Does this mean there is no hope?  Not at all.  Just as there is the banality of evil, there is also the banality of heroism, which suggests that we are all potential heroes waiting to perform heroic deeds.  Not the same super heroism of a Socrates, or a Mahatma Gandhi or a Nelson Mandella, a Jose Rizal or a Ninoy Aquino but as ordinary everyday heroes.  Martyrdom is reserved for the few who are larger than life.  But there is heroism in the time and circumstances in which we find ourselves that is just as unselfish and courageous as theirs.


Look around you, the opportunities are many – by exercising wisely our right to vote for our leaders and not just a celebrity or somebody we personally know, by the courage to expose fraud as a whistleblower despite the risk, to say “no” to participating in any wrongdoing regardless of the financial rewards and by the hardiness to be “different” or even “difficult” when it is easier to conform.  Or you may want to take a plunge into politics starting at the barangay level to put things right in your locality by changing the politics of self-interest.


That is what Andres Bonifacio meant when he asked us to put our country’s happiness above our own.  Now more than ever, our country desperately needs you.  My generation, I am sorry to say, has, on the whole, not done well by our country.  We can only point to the legacy of EDSA, which happened before you were born, which is our proudest moment.  We can tell you stories of courage, of unselfishness and of love of country that made it possible.  But then we folded up our yellow banners, took off the t-shirts with the imaginative remarks that brought humor to the tragedy of the times, and we went our separate ways to our separate concerns and lost something of the dream of a nation.

In the last elections, something seemed to stir us to reclaim that dream.  But let us learn from the past and not leave the task only to those in high places.  Each of us must put down his or her place in this giant jigsaw puzzle called nation-building.  This is your time, thank God, and we look to your generation to finally lead our country to its greatness.

You might well ask – how do we do that?  Well, you already have the education and, I assume, the motivation.  Obviously, our generation does not have the answers.  But I would like to suggest a framework that might help you find the answers for yourselves.


And that is my third and final point
.  Jesus tells us: “Whatever you do to the least of my brethren, you do it to me.”

The least of our brethren are the poorest of the poor in our country – the farmers, the fisher folk, the urban poor, the indigenous peoples’ communities, and the young who are doomed to a vicious cycle of poverty for lack of education and health care.  And the “doing” in Jesus’ name is about justice, charity and truth.  Your logo highlights, “caritas” and “veritas”… the connection between the two is made by Pope Benedict XXVI’s Encyclical “Caritas en Veritate”.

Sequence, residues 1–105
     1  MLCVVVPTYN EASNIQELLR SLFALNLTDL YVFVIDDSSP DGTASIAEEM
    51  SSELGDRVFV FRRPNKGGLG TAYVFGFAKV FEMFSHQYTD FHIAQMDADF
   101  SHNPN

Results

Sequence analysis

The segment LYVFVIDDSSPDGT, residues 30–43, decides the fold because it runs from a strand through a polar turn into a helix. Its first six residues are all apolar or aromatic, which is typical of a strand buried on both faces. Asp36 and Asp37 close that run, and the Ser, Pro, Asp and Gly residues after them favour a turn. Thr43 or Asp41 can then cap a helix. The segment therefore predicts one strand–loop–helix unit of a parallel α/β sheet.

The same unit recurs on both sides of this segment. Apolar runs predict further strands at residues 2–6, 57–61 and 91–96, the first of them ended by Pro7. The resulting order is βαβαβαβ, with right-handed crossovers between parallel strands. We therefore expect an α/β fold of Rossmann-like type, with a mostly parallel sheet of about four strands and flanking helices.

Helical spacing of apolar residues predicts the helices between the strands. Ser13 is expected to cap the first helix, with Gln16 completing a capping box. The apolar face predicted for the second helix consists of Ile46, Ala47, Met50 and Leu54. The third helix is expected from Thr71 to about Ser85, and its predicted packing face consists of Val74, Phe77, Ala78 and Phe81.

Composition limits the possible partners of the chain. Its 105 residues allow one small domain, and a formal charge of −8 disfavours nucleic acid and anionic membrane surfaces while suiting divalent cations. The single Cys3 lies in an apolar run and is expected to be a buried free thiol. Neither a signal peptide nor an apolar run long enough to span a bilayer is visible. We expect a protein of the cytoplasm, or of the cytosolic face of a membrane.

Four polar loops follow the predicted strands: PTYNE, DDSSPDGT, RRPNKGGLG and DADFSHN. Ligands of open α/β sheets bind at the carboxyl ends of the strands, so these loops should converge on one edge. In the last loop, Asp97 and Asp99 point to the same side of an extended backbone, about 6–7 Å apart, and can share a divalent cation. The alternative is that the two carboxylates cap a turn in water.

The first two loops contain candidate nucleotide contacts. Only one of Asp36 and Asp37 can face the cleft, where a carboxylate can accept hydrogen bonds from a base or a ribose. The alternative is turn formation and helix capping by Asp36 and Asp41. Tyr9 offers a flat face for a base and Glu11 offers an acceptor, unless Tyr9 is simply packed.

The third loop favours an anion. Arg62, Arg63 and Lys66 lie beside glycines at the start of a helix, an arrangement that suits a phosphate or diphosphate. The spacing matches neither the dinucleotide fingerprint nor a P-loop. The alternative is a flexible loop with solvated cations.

“Truth is the light that gives meaning and value to charity” … “
Charity goes beyond justice, because to love is to give, to offer what is “mine” to the other; but it never lacks justice… I cannot “give” what is mine to the other, without first giving him what pertains to him in justice.”


In our Constitution, we call that social justice.  It is the heart of our Constitution.  That is supposed to be our national agenda – making the poor the center of our development.  That is what my generation failed to do and what your generation must do.

The context of social justice is poverty – the biggest problem in our country before EDSA and still the biggest problem today.  Twenty-five years after the glow of EDSA and the promise of a truly just society, we find that we have hardly made a dent on the income problem of the very poor.  Nor on the gross inequalities of income where, among other things, the bottom 30% of the families, 5.5 million families, have an income equivalent only to the income of the top 1% - 185,000 families.  Our efforts at reducing hunger have also been ineffective – the average annual percentage of hungry families has gradually increased from 11% in 1998 to 19% in 2010.  Yet we know from the experience of many countries that gross inequalities of income and wealth restrict economic growth.  In other words, social justice is both a moral and an economic imperative.


Clearly, we must find our way back to the spirit of EDSA or face the harsh judgment of history.  The poem, Man with a Hoe, described the French peasant before the bloody French Revolution


“– bowed by the weight of centuries, he leans upon his hoe and gazes at the ground.  The emptiness of ages on his back the burden of the world.  A thing that grieves not and that never hopes… Whose was the hand that slanted back his brow, whose breath blew out the light within his brain?”


The poem closes with these prophetic words: “How will it be with kingdoms and with kings, with those who made him to the thing he is, when this dumb terror shall rise to judge the world, after the silence of centuries?”

Surely, we cannot allow that kind of apocalypse to happen in our country.  This is your challenge and your destiny.  To paraphrase Albert Camus, you must place yourselves at the service, not of those who make history, but of those who suffer it.


First
, apply your education to the task at hand with intelligence and dedication.  Second, seek your country’s happiness above your own, and third, heed the words of Jesus: “Whatever you do to the least of my brethren, you do it to me.”

I urge you to use this simple test as you contemplate your future:


“I AM ONLE ONE,
I CANNOT DO EVERYTHING, BUT I CAN DO SOMETHING,
WHAT I CAN DO, I OUGHT TO DO.
AND BY THE GRACE OF GOD, I WILL DO IT.”


Keep that promise and your parents will be proud of you, your school will be proud of you, I will be proud of you, and your country will be proud of you.


With that, my dear graduates, I wish you good luck and Godspeed, to reach for the stars in His name.


Thank you and good day.